You don’t have to spend a lot of time driving the CLS to realise that it excels as a very safe high-speed cruiser that will cover huge distances in complete comfort, with very little apparent effort from the engines. Stick to motorways and main roads, and you’ll really be playing it to its strengths. Only if you expect it to behave like a genuine sports car along a tight B-road will you be disappointed with the way it drives. Ultimately, there’s no getting away from the fact that this is a big car.
Likewise, you’ll be disappointed if you’re expecting the same degree of space and practicality you’ll find in, say, an E-Class, but the CLS is still a decent four-seater, and you can fit a reasonable amount in the boot, too.
The CLS has inherited lots of bits and piece from the Mercedes E- and S-Class, and that gives it a really high-class look and feel
The Mercedes CLS isn’t too bad for a coupe – it’ll take four people in comfort and the boot is reasonable – but those sleek lines do mean that it’s neither as spacious nor as practical as a saloon
Mercedes will proudly tell you that this is the first five-seat CLS, but you can't really use it as any more than a four-seater in everyday use
You certainly won’t have anything to complain about in the front of the Mercedes CLS. There’s enough leg and headroom for a six-foot driver, even if you have the optional panoramic sunroof fitted.
However, it’s in the rear seats where you pay the price for that swooping roofline. Whereas a proper saloon would be able to take two – and perhaps three – six-footers, that’s not quite the case in the Mercedes CLS.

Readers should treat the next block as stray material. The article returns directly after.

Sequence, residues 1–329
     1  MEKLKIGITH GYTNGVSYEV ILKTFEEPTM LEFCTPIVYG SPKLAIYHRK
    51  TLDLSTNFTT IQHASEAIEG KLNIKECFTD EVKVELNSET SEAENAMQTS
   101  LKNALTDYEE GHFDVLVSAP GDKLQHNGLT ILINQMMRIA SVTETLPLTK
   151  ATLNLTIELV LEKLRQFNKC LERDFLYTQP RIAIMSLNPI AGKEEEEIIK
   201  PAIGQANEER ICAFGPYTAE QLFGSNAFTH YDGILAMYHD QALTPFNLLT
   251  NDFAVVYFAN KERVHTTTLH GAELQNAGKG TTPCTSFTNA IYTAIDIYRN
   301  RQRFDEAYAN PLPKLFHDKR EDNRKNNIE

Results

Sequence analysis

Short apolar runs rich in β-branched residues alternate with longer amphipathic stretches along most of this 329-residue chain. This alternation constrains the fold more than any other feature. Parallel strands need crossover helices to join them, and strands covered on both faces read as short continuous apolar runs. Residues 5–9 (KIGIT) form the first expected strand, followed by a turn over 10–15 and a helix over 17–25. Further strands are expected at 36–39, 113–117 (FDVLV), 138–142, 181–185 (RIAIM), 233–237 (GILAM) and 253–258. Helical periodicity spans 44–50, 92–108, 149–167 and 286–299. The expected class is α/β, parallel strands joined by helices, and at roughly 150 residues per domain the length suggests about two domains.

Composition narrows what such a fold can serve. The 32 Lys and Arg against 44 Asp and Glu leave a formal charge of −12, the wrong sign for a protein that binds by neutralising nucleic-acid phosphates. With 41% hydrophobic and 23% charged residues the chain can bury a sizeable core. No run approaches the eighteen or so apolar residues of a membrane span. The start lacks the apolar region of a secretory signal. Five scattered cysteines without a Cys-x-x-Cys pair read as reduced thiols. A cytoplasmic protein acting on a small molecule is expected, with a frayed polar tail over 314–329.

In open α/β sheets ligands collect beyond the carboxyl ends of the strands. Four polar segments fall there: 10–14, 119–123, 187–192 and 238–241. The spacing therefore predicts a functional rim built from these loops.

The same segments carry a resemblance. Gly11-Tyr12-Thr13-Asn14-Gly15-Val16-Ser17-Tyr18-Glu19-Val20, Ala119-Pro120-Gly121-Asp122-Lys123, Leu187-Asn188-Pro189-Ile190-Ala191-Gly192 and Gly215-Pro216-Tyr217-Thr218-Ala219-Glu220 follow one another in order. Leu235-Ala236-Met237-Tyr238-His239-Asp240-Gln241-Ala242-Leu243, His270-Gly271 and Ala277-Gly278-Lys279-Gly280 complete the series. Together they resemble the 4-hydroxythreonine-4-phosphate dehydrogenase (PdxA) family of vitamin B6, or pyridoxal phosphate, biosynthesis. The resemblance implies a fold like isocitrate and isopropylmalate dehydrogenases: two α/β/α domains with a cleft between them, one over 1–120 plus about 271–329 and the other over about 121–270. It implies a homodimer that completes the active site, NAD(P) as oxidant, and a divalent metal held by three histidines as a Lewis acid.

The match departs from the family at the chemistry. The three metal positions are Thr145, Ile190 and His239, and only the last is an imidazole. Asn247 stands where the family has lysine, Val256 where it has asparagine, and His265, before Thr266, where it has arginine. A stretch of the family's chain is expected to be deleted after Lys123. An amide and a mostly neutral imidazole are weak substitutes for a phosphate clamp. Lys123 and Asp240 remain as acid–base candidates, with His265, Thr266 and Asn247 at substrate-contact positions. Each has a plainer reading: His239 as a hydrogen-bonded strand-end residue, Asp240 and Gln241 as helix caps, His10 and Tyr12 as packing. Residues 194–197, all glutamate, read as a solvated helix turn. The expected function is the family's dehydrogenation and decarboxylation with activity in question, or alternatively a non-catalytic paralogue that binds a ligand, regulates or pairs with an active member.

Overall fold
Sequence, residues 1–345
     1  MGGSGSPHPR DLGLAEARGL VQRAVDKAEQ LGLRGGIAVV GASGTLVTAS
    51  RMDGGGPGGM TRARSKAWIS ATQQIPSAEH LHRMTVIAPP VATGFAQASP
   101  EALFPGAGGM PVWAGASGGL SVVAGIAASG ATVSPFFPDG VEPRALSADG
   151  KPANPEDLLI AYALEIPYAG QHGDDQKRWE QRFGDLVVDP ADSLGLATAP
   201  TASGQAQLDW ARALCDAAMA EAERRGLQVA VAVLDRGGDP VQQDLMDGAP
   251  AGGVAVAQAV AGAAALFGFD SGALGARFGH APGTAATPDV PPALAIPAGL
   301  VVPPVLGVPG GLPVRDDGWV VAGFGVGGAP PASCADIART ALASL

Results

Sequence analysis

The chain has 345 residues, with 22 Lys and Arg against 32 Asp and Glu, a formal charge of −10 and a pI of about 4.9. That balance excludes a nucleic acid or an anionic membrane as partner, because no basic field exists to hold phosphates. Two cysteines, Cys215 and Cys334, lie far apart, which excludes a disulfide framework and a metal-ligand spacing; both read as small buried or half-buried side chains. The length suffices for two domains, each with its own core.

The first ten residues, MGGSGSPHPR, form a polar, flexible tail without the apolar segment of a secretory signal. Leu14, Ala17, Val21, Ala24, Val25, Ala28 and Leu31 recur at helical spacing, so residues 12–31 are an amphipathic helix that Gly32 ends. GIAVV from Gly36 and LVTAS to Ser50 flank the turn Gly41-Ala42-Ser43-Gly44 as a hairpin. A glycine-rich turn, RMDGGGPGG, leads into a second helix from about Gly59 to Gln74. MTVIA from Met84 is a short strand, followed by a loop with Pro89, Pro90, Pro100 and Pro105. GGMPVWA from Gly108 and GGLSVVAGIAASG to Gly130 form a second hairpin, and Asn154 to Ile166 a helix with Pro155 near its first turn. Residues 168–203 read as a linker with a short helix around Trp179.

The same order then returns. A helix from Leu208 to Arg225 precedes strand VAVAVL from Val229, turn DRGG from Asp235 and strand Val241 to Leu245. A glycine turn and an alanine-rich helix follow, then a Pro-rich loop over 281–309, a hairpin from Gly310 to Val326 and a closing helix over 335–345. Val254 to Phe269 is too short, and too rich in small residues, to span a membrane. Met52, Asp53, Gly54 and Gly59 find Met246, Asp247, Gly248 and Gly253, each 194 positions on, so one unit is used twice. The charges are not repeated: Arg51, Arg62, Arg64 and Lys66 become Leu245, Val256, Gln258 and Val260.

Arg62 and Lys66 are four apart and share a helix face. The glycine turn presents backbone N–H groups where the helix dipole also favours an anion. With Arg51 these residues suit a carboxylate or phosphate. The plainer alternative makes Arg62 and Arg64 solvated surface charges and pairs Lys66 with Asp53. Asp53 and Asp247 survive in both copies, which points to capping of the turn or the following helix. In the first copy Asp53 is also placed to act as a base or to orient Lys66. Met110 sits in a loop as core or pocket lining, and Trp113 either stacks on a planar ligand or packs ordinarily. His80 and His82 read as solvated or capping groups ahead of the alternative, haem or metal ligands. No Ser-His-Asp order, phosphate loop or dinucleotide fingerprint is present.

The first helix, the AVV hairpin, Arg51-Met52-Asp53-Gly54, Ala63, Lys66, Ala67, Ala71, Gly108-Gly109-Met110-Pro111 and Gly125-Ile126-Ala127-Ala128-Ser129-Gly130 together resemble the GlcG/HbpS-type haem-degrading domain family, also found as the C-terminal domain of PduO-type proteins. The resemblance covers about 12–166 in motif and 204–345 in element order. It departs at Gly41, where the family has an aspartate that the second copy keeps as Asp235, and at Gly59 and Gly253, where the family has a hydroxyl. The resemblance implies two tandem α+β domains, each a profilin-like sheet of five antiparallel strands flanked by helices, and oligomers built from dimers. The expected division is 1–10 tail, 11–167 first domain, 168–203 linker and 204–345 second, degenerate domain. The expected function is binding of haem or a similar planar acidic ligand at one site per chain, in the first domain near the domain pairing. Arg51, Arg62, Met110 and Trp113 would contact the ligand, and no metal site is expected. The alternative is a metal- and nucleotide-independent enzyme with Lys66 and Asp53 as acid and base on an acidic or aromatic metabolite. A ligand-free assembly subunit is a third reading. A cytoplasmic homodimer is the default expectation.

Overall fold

For a start, the roof is quite low, so any rear-seat passenger over six feet tall will find their head brushing the roof. And, while Mercedes proudly claims that this is the first five-seat Mercedes CLS, you almost certainly won’t agree. The centre seat is much narrower than the outer two, while there’s a big lump in the floor, all of which means it’s best to regard this as no more than a four-seater in practice.
You might expect an elegant coupe to sacrifice some practicality and everyday usability, but in fact the Mercedes CLS is pretty decent in this respect. There are a couple of decent cupholders in the centre console, the door bins are large and the lidded cubby that sits behind the two front seats is very big.
Compared to the alternatives, you’d have to say the Mercedes CLS looks no better than reasonable. True, its boot is bigger than you’ll find in the BMW 4 Series Gran Coupe, but it’s a bit smaller than what you’ll find in the Audi A7 and Volkswagen Arteon – although there should still be enough room for most families’ luggage.